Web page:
VALUE IN NUMBERS
An essay on post-truth narratives and the symbolic order in times of crisis.
Few questions have received as much attention from art practitioners and critics as that of the value of art and culture to society. Philosophers since Plato have speculated that art is inseparable from human existence as key to emotional, educational, and societal wellbeing. But how should we account for these functions? How should we measure their worth against other social phenomena and in relationship to the state as the medium of exchange of value? Despite thousands of years of debate and the existence of a whole academic discipline that supports it, there are few straightforward answers.
In the past year, the arts have had to argue for their worth in competition with other industries, while cut off from their usual platforms that made previous manifestations of cultural value potent: gallery shows and dance performances on Zoom didn’t carry their usual weight. Even so, what the arts have over many other imperilled industries is their monopoly on boundless creativity. Given the current urgent need to rebuild social bonds and repair fractured cultural values, and the earlier chance for the arts to rehearse similar messages in the post-2008 austerity regimes, we could have expected a campaign that would have, once and for all, proved that ‘only art can save us’. We could have expected a campaign bringing the inspiration and reflection that the arts have delivered for thousands of years. We could have expected a cheesy, morale-boosting message, or maybe even a concerted effort to reassert values such as unity or community pride. Any of these could have been done instead of the series of arts campaigns in the UK obsessed with the economic and statistical value of culture, in an argument that inspired few and convinced fewer still. Given that British cultural policy has long been the trend-setter for many other European arts economies, this moment warrants some critical reflection.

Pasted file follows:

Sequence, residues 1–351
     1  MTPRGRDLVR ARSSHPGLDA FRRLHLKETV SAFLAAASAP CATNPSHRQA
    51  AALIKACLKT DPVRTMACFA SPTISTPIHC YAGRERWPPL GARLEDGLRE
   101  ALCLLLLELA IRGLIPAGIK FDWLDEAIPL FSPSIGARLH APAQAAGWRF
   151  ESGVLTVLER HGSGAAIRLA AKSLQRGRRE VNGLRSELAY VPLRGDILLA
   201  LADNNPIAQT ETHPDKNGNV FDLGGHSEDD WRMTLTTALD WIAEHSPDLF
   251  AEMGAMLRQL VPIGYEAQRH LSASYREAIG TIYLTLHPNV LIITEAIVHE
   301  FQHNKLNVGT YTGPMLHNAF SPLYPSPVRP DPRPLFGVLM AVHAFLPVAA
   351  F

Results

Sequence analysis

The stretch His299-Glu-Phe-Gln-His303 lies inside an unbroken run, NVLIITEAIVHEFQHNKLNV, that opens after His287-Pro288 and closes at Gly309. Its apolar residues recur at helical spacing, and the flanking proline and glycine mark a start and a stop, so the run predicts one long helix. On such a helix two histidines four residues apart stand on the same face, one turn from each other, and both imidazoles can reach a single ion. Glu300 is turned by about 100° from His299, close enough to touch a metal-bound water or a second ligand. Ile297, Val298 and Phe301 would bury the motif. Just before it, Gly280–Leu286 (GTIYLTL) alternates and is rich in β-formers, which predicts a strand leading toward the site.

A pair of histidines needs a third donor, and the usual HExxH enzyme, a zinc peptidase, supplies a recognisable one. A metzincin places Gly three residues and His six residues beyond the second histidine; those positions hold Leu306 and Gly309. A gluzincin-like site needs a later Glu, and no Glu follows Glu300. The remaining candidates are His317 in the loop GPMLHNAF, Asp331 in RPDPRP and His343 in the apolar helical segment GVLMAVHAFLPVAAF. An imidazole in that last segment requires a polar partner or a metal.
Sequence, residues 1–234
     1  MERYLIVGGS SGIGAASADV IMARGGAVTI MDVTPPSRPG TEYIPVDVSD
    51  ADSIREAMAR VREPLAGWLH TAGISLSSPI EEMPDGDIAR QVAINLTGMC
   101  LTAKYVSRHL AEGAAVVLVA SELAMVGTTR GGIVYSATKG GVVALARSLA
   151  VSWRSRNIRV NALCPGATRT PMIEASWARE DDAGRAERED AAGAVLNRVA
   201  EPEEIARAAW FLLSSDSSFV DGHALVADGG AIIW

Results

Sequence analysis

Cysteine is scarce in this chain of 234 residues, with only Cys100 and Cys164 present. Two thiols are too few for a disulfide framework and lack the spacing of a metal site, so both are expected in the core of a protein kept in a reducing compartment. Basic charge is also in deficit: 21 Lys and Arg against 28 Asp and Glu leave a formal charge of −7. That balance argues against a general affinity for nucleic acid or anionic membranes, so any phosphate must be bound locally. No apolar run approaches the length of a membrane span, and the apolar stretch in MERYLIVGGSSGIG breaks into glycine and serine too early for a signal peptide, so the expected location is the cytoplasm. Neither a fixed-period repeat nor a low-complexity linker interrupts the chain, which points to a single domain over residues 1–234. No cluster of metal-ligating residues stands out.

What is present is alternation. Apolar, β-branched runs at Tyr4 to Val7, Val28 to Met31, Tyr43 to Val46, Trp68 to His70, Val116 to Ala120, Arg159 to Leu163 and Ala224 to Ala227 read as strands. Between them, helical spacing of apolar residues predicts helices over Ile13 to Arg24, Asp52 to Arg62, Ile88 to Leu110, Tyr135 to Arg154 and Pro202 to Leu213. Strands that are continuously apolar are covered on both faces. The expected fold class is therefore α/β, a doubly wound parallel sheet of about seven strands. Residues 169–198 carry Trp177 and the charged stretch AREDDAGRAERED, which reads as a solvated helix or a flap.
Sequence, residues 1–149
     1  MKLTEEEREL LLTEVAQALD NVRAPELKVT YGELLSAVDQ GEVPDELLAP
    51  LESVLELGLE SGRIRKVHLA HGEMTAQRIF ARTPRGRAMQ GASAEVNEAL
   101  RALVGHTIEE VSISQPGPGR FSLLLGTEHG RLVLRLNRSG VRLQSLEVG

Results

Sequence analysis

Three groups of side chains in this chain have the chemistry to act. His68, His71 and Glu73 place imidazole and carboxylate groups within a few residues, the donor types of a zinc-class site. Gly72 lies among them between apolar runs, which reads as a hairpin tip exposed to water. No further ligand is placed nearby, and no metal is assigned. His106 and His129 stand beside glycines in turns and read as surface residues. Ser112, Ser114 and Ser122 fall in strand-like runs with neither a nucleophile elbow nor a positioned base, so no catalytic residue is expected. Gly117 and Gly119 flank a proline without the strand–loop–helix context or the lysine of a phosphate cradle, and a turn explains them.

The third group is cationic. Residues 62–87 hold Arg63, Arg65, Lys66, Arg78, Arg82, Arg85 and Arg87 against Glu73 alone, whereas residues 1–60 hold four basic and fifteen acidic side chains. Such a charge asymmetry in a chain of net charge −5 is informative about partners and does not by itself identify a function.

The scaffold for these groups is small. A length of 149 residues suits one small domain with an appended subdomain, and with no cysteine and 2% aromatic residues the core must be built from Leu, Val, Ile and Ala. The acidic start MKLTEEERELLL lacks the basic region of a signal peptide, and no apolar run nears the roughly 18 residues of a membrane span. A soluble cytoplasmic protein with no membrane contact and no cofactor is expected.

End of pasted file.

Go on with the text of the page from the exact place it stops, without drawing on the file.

The end of civilisation as we know it